The third School Nutrition Dietary Assessment Study (SNDA-III) confronts transformations in the school food environment and evolving nutrition standards with a range of precise research methods.
U.S. Department of Agriculture (USDA)-sponsored school meal programs subsidize the nourishment of over 40 million students every day. Since the early 1990s, USDA has conducted periodic evaluations of both the National School Lunch Program (NSLP) and the School Breakfast Program (SBP). The first assessment prompted the School Meals Initiative for Healthy Children (SMI), an extension of the Dietary Guidelines for Healthy Americans 1995. The second School Nutrition Dietary Assessment (SNDA-II) found insufficient progress in meeting the 1995 requirements. SNDA-III focused on the 2004–2005 school year.
SNDA-III used a three-stage approach, gathering information at the school food authority level, the school level and the student level. Field interviewers obtained data at the student level through 24-hour dietary recalls, conducted in-person interviews with food service managers and principals, and used checklists to collect information on competitive foods. Food service managers, responding to menu surveys, received support from experienced interviewers who themselves were given feedback and training from study nutritionists.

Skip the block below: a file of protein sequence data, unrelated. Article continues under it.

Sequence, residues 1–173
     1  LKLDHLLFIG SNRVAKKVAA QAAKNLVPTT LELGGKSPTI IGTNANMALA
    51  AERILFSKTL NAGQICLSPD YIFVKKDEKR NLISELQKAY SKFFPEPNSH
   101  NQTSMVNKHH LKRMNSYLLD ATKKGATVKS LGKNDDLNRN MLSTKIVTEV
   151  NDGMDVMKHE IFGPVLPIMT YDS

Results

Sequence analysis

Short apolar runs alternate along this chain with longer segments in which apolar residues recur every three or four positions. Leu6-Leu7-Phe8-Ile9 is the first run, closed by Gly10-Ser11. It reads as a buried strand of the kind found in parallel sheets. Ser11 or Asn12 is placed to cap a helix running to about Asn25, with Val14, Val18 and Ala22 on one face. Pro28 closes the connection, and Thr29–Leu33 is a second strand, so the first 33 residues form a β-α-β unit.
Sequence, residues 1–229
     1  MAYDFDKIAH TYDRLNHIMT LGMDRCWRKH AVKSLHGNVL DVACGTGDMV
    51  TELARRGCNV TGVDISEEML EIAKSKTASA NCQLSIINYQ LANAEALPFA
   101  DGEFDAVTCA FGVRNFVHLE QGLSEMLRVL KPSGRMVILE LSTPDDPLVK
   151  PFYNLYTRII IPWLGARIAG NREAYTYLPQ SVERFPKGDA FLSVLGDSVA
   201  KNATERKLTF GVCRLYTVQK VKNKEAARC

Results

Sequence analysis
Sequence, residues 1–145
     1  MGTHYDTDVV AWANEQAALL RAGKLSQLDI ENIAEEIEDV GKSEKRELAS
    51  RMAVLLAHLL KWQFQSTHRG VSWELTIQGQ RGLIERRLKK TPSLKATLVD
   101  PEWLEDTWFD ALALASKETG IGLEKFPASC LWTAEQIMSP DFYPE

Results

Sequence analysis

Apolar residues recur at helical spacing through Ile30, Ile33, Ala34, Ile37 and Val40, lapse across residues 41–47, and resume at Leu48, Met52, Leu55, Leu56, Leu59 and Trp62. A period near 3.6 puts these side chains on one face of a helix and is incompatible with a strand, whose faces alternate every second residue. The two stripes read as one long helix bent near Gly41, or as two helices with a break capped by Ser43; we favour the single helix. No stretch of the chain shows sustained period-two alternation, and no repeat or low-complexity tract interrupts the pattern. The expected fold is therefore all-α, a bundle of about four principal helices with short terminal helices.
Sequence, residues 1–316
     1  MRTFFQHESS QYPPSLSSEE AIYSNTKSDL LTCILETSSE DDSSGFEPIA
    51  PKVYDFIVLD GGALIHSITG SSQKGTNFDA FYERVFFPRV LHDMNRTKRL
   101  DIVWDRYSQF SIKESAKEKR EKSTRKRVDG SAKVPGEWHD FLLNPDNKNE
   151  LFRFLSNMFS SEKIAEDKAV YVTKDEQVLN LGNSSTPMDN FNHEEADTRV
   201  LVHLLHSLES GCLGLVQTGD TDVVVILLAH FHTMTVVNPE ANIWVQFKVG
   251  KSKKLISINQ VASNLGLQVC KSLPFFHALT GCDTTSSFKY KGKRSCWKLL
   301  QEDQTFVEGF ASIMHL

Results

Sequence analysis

SNDA-III features several analytical adaptations developed to meet the challenges posed by new menu planning systems and problems in estimating nutrient intakes for individuals.
- 1 The Third School Nutrition Dietary Assessment Study
- 2 A Practice Perspective on the Third School Nutrition Dietary Assessment Study
- 3 Evaluation's Vital Role in Healthier School Meals
- 4 Meals Offered and Served in US Public Schools
- 5 Nutritional Quality of the Diets of US Public School Children and the Role of the School Meal Programs
- 6 Availability and Consumption of Competitive Foods in US Public Schools
- 7 School Meals
- 8 Consumption of Low-Nutrient, Energy-Dense Foods and Beverages at School, Home, and Other Locations Among School Lunch Participants and Nonparticipants
- 9 School Food Environments and Practices Affect Dietary Behaviors of US Public School Children
- 10 Association Between School Food Environment and Practices and Body Mass Index of U.S. Public School Children
- 11 School Breakfast Program But Not School Lunch Program Participation is Associated with Lower Body Mass Index
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